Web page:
Newton's nonsmokers may soon be working in smoke-free rooms.

''Smoking or nonsmoking?'' A question once asked only by airline agents is now being asked by many others in Massachusetts. Newton, a thriving community west of Boston, will soon offer a choice of smoking or nonsmoking in the work place. On Tuesday, the Board of Alderman voted 20 to 4 to require most employers to provide a nonsmoking area for workers, based on negotiated agreement with the employees.

Alderman Robert Tennant, who opposes the measure, says he will seek a vote to reconsider at the board's next meeting June 18. If his effort is defeated, the ordinance will be sent to Mayor Theodore Mann and would become effective two weeks after he signs it.

The city had already limited or banned smoking on public transportation and in public facilities such as grocery stores and retail outlets.

The Newton ordinance is designed to make the city a testing ground for requiring nonsmoking areas in the work place, says Richard Daynard, member of the Newton Board of Aldermen and president of the Group Against Smoking Pollution (GASP).

''Passage of the Newton ordinance may catalyze a groundswell among nonsmokers in other communities to get nonsmoking areas in the work place in their home towns,'' says Mr. Daynard. ''And GASP stands ready to help any group seeking to get a similar ordinance passed in other cities and towns.''

GASP is awaiting a final dispensation of a legal case - Marie Lee v. Massachusetts Department of Public Welfare - which challenges the state to provide ''for the safety'' of its employees by protecting them from smokers.

Originally filed in January 1983 by Marie Lee, an employee of the Attleboro office of the Massachusetts Department of Public Welfare, the suit requests the state to provide a nonsmoking area in that office, a one-room open space for 40 workers. Judge George W. Hurd of the Bristol County Superior Court has issued an injunction against smoking in that office.

Attorney for Ms. Lee is Edward L. Swedar, legislative secretary of GASP. He says the GASP position assumes that a citizen has the common-law right to sue the state, and that the state has a responsibility to provide a safe work place for its employees. A final solution to the case involving counsel of both sides may be worked out before Superior Court Judge Robert Mulligan, a GASP spokesman says.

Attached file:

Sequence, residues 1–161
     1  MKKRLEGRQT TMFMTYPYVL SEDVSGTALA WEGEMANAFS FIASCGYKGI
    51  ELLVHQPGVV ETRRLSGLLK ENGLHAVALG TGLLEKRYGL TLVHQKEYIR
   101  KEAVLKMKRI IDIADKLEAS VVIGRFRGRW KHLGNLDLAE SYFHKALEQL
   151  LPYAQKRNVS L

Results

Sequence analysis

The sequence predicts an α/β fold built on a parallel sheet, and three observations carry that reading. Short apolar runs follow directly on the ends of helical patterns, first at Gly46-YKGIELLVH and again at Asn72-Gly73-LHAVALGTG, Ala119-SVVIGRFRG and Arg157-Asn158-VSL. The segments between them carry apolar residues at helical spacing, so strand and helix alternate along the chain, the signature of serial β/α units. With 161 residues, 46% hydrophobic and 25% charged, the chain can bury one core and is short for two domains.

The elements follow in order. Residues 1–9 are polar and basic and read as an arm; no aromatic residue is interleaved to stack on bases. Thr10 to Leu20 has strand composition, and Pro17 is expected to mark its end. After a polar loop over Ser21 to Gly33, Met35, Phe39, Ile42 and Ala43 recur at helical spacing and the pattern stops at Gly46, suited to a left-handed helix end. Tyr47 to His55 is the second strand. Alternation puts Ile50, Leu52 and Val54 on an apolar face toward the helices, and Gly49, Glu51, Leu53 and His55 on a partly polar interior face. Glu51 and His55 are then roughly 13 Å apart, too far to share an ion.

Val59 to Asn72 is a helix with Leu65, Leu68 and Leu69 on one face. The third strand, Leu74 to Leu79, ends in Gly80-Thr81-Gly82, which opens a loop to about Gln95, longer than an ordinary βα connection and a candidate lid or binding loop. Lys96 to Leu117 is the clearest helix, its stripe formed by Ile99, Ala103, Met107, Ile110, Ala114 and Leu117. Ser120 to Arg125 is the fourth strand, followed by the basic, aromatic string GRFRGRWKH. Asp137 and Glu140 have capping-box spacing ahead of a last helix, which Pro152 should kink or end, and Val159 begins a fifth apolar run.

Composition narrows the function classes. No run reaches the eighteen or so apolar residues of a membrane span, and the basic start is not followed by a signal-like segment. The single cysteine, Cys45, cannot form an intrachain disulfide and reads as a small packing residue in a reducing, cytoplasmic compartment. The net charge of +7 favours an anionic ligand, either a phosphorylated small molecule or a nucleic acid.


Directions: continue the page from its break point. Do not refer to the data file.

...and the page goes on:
The only New England state with a similar law is Connecticut, but that law ''doesn't contain grievance and enforcement procedures,'' says Daynard, who is also a law professor at Northeastern University. Nationally, Minnesota was the first state to restrict smoking at the work place in 1975.

Currently, 21 communities in California have passed laws, the first being Ukayo in 1982. The most publicized is an ordinance that went into effect March 1 in San Francisco. This law gives the nonsmoker veto power over any plan worked out between employers and employees.

The Newton ordinance ''will work because it offers a three-layered process of appeals,'' says Alderman Edward L. Richmond, who submitted the proposal.

The ordinance requires the employer and employees to work out a plan for restricted smoking areas. If this is not satisfactory, an employee can make these appeals: file a grievance through the firm's internal grievance procedure; appeal to the Newton health commissioner who can mediate, hold a formal hearing, and establish a policy; and, file legal action in court as the last resort.

''Once Newton acts, other local governments in Massachusetts will follow suit ,'' Daynard says. Newton was selected as a testing ground for the work-place ordinance, he explains, because that city was the first in the Bay State to ban smoking in grocery stores (1974), and it was the first to require nonsmoking areas in local restaurants (1981). Newton is one of a number of suburban areas that have banned street distribution of free sample packages of cigarettes.

''We have had no problem enforcing our restaurant ordinance,'' says Newton Health Commissioner Bernice Joyle, in charge of enforcing the antismoking laws.

''Some restaurants have expanded their nonsmoking areas well beyond the law, which requires only a 15 percent minimum of the dining area.''

The Newton Health Department conducts at least two inspections a year. It checks to see that signs are posted and the law is obeyed, Commissioner Joyle says.

''We expect the work-place law to work just as smoothly,'' she says. ''We are not planning to hire extra help for enforcement. We plan to publicize the ordinance, and to distribute free literature informing nonsmokers of their rights.''

On July 1 diners who eat out in Cambridge will have the option of being served in a smoke-free area. The city's antismoking ordinance, passed April 23, becomes effective that day.

No specific plans for enforcement of the law have been announced by Cambridge officials. The city manager has assigned a person to create a plan, a spokesman says. Daynard says the Cambridge law is ''self-enforcing'' because ''all a nonsmoker has to do is ask for the no-smoking section of the restaurant.''

Bay State communities requiring public eating places to provide areas for non-smokers include:

Newton and Lexington, a minimum of 15 percent of facilities for nonsmokers in places serving 50 or more patrons; Brookline and Stoughton, 25 percent space for 40 or more; and Somerville, Acton, and Amherst, 25 percent for 25 or more.

''GASP would prefer to have statewide antismoking legislation passed,'' Daynard says, ''but . . . it is too difficult to get such bills beyond committees. So in Massachusetts we have taken the tedious route to reaching our 351 towns and cities.''

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